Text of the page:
In Cincinnati, the city’s tree ordinance says that any tree on private or public property that obstructs a street or sidewalk or suffers from an infectious disease or insect infestation is considered a public nuisance. As the property owner, you will be held responsible for correcting whatever the issue is within 14 days of receiving notice from the city. If you’re not willing or able to regularly maintain trees planted near streets or sidewalks, it’s best to avoid planting there in the first place.

5. Discuss Your Planting Plans with Your Neighbors

When planning the locations for your new trees, it may be a good idea to speak with your neighbors. Even though it’s your yard, new trees may affect how they enjoy their yard, either by blocking a view or by creating excessive shade their garden.

It’s best to have these discussions with neighbors before you plant, rather than waiting for a problem to arise afterward.

Lefke Tree Experts Can Prepare Your Yard for New Trees

If your current yard is devoid of any existing trees, then preparing your planting site should be pretty easy. Just don’t forget to call OHIO811 to mark out utility lines before digging any holes!

But what if you have existing trees that you’d like to replace? In that situation, you’ll first need to remove the existing trees and grind down the tree stumps. Tree removal, for both small or large trees, is difficult and dangerous (particularly in confined spaces). Leave the work to professionals, like the certified arborists at Lefke Tree Experts, to save yourself from injury or damage to your property. Call us today at 513-325-1783 or request a free estimate using our simple online form. We can also provide guidance on selecting new tree species and planting locations for your yard.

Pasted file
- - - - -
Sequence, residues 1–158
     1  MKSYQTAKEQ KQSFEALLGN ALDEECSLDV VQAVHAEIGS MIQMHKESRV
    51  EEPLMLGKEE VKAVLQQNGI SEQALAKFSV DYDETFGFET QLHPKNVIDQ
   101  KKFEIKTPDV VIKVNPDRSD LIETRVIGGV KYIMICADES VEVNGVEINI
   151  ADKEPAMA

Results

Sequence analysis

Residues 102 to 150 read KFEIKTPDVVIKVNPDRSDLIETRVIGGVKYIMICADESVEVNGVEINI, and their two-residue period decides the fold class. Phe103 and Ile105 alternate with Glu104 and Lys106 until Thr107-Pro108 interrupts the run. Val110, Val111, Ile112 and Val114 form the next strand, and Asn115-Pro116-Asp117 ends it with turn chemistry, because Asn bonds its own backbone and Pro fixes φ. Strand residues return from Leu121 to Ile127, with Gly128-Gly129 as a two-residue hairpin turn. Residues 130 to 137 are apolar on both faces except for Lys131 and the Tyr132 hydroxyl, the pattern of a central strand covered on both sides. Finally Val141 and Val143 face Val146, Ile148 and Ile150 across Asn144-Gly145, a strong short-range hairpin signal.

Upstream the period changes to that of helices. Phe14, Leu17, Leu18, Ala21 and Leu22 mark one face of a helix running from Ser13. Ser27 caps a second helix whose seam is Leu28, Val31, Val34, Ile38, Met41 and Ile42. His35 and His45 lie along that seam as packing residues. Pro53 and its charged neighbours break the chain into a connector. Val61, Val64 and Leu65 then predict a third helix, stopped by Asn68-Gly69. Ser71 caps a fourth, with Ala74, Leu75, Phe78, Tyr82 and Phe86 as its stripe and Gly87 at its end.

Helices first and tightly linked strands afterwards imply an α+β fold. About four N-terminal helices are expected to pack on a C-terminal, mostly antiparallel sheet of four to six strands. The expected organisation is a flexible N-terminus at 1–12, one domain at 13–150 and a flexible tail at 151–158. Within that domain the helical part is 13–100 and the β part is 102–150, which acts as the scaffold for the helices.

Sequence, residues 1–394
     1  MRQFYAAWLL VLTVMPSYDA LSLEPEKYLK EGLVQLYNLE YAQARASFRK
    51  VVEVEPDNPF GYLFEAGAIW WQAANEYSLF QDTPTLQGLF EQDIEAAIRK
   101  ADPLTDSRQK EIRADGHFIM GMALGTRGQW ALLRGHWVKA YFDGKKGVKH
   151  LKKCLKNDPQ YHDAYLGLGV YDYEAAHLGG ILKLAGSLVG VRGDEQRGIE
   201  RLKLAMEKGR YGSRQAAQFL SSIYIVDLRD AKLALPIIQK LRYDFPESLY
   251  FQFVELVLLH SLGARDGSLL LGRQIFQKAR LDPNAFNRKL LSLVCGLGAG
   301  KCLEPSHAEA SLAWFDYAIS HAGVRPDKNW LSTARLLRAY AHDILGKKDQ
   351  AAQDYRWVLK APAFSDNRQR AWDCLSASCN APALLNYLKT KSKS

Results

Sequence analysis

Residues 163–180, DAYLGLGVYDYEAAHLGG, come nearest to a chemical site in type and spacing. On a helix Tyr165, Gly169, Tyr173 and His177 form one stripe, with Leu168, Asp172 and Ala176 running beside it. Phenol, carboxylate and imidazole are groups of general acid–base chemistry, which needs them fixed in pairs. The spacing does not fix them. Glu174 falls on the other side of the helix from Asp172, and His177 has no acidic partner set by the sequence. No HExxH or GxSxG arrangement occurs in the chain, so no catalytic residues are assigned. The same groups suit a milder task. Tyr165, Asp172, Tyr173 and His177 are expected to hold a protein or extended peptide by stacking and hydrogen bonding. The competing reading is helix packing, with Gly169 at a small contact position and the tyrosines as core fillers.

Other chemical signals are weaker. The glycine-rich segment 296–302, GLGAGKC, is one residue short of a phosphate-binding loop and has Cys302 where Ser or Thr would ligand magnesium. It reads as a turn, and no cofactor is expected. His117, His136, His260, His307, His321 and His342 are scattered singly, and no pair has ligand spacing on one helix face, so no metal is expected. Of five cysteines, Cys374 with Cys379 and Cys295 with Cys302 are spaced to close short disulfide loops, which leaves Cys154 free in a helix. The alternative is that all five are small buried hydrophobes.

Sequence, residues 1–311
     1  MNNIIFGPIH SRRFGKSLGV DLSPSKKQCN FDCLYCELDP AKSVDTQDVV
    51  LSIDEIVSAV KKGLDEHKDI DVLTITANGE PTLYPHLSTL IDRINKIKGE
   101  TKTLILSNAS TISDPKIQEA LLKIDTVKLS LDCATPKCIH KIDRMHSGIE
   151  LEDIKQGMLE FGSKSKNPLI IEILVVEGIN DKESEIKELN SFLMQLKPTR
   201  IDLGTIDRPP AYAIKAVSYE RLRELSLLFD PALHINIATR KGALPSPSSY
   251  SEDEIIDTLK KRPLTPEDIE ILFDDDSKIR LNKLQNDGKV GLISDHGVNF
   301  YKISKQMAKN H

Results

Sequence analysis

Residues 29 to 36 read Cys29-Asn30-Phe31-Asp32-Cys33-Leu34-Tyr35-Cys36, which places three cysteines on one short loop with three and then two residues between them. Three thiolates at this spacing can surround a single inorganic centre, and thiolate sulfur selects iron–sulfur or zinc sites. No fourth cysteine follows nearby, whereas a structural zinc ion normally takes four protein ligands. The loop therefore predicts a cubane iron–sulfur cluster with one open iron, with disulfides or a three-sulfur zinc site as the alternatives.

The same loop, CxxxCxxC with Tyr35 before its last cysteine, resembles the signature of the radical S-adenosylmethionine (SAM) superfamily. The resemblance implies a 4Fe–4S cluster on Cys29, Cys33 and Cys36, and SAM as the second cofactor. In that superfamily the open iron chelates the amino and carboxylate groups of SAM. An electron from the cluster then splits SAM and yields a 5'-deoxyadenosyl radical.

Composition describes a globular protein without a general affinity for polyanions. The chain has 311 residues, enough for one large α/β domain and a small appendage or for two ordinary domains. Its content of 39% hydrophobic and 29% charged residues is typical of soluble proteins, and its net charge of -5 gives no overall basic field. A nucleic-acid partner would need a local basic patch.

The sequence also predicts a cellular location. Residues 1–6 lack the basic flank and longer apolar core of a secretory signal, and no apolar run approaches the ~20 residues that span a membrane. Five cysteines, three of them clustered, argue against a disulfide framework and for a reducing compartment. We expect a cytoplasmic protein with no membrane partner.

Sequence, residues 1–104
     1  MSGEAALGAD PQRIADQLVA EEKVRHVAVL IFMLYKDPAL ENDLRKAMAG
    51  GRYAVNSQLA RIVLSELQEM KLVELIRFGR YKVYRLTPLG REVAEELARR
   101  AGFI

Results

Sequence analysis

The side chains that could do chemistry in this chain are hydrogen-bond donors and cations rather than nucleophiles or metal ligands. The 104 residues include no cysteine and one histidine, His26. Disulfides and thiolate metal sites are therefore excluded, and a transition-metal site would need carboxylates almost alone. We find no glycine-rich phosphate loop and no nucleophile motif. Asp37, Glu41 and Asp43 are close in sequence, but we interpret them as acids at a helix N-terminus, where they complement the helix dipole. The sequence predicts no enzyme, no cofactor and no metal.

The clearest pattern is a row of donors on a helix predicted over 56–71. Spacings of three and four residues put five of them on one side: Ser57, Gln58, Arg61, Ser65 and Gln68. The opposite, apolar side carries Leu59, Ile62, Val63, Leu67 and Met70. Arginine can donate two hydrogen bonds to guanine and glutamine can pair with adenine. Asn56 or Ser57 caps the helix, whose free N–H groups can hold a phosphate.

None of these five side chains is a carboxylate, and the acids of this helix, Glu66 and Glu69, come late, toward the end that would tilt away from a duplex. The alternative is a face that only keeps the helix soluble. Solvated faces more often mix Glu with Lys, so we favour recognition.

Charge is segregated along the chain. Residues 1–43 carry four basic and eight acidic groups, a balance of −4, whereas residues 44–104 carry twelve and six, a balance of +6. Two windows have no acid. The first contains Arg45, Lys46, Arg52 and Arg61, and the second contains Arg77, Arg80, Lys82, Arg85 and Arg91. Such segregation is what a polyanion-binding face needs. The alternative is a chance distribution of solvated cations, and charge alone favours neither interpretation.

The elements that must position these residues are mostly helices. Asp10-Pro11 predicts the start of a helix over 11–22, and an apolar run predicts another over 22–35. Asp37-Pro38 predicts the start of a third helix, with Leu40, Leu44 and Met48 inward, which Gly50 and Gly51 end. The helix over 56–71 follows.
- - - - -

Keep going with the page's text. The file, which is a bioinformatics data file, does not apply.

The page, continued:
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About Lefke Tree Experts

Our professional tree services include tree removal, tree pruning and trimming, clearing, and stump grinding for the greater Cincinnati metro area. We are a fully insured company with the training, equipment, and expertise needed to get the job done right. If there’s a tree in your yard that needs to be trimmed or removed, call us today!

You can always reach us at 513-325-1783.